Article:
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Today's Stichomancy for Claire Forlani

The first excerpt represents the element of Air. It speaks of mental influences and the process of thought, and is drawn from A Woman of No Importance by Oscar Wilde:

to her, and she will have a great deal to thank you for. It is not every son who gets such an offer, Mrs. Arbuthnot. But I know you appreciate that, dear.


LADY HUNSTANTON. Now, don't keep Mrs. Arbuthnot too long, Lord Illingworth. We can't spare her.

[Exit following the other guests. Sound of violin heard from music-room.]

LORD ILLINGWORTH. So that is our son, Rachel! Well, I am very proud of him. He in a Harford, every inch of him. By the way, why Arbuthnot, Rachel?

The second excerpt represents the element of Fire. It speaks of emotional influences and base passions, and is drawn from The Rape of Lucrece by William Shakespeare:

For in my death I murther shameful scorn: My shame so dead, mine honour is new-born.

'Dear lord of that dear jewel I have lost, What legacy shall I bequeath to thee? My resolution, Love, shall be thy boast, By whose example thou reveng'd mayst be. How Tarquin must be used, read it in me: Myself, thy friend, will kill myself, thy foe, And, for my sake, serve thou false Tarquin so.

'This brief abridgement of my will I make: My soul and body to the skies and ground;

The third excerpt represents the element of Water. It speaks of pure spiritual influences and feelings of love, and is drawn from Another Study of Woman by Honore de Balzac:

earth in such a way as to change the laws of gravitation, he left us poorer than on the day when he first laid hands on us; while he, who had taken an empire by his name, lost his name on the frontier of his empire in a sea of blood and soldiers. A man all thought and all action, who comprehended Desaix and Fouche."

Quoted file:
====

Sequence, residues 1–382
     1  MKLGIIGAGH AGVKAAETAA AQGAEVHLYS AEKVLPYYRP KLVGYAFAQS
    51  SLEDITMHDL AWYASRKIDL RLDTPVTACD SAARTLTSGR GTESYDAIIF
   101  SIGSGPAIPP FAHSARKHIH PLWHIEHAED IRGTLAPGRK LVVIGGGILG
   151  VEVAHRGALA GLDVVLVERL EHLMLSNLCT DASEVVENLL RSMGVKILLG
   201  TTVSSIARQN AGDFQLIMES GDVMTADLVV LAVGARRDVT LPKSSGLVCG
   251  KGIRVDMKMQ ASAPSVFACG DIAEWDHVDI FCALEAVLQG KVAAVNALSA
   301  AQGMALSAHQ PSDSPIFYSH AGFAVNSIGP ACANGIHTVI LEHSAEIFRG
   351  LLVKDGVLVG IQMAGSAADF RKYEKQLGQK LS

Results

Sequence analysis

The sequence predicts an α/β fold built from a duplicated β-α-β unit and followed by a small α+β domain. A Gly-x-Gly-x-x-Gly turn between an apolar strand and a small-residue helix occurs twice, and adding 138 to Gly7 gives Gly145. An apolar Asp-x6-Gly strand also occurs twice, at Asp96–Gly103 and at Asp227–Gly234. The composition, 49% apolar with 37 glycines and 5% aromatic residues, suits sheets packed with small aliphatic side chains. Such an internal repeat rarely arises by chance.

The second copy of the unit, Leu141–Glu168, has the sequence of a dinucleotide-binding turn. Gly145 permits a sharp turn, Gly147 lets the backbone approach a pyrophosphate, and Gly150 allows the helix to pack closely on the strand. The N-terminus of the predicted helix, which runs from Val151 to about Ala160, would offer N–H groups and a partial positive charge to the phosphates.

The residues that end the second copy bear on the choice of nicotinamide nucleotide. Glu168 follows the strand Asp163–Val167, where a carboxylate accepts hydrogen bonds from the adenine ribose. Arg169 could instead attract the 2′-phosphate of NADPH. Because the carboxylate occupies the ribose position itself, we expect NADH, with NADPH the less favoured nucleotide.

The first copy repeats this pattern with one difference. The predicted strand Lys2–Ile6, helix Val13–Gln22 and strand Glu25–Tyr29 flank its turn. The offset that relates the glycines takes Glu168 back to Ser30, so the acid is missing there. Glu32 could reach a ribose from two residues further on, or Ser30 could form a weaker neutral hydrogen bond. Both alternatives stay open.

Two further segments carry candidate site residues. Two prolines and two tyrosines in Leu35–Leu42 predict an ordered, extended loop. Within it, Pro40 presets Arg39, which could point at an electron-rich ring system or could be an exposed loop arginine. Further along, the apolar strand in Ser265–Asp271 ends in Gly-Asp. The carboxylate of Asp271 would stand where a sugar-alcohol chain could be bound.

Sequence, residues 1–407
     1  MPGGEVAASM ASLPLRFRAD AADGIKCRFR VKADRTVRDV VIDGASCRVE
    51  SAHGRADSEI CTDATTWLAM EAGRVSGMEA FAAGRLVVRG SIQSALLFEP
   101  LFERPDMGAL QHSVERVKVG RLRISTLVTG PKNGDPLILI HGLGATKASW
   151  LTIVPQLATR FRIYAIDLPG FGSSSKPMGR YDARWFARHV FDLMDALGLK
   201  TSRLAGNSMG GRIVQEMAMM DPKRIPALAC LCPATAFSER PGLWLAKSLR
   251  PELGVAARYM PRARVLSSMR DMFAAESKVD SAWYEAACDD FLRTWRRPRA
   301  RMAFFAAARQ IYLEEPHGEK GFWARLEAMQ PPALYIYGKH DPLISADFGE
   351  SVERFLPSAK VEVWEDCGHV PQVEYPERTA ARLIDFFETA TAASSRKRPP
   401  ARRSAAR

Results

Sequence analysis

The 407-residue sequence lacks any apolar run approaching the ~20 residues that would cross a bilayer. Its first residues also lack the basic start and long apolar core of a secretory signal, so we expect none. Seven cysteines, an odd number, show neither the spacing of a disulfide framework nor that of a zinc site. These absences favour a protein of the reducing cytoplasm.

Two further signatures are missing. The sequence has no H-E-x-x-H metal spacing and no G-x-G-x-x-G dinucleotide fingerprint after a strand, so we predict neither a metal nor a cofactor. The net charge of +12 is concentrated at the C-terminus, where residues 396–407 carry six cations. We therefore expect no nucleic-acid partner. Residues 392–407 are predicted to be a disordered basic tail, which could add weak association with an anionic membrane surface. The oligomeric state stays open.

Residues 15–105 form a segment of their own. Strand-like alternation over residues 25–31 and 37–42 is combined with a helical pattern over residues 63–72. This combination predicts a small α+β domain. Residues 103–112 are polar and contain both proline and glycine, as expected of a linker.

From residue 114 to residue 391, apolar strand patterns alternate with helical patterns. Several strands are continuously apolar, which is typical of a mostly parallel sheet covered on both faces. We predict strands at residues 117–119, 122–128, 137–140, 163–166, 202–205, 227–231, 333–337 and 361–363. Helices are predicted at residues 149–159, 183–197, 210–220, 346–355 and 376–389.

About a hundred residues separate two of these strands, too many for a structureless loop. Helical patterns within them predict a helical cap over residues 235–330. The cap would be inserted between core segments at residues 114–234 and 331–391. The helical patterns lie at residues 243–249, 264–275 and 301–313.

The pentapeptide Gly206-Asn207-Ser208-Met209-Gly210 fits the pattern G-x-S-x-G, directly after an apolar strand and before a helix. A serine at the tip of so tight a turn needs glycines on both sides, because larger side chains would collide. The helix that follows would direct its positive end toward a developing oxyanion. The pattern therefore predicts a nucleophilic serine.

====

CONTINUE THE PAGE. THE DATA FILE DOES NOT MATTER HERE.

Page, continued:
"All despotism and all justice at the right moments. The true king!" said de Marsay.

"Ah! vat a pleashre it is to dichest vile you talk," said Baron de Nucingen.

"But do you suppose that the treat we are giving you is a common one?" asked Joseph Bridau. "If you had to pay for the charms of conversation

The fourth excerpt represents the element of Earth. It speaks of physical influences and the impact of the unseen on the visible world, and is drawn from Flatland: A Romance of Many Dimensions by Edwin A. Abbot:

STRANGER. I came from it. It is up above and down below.

I. My Lord means seemingly that it is Northward and Southward.

STRANGER. I mean nothing of the kind. I mean a direction in which you cannot look, because you have no eye in your side.

I. Pardon me, my Lord, a moment's inspection will convince your Lordship that I have a perfect luminary at the juncture of two of my sides.

STRANGER. Yes: but in order to see into Space you ought to have an eye, not on your Perimeter, but on your side, that is, on what you would probably call your inside; but we in Spaceland should call it your side.

Flatland: A Romance of Many Dimensions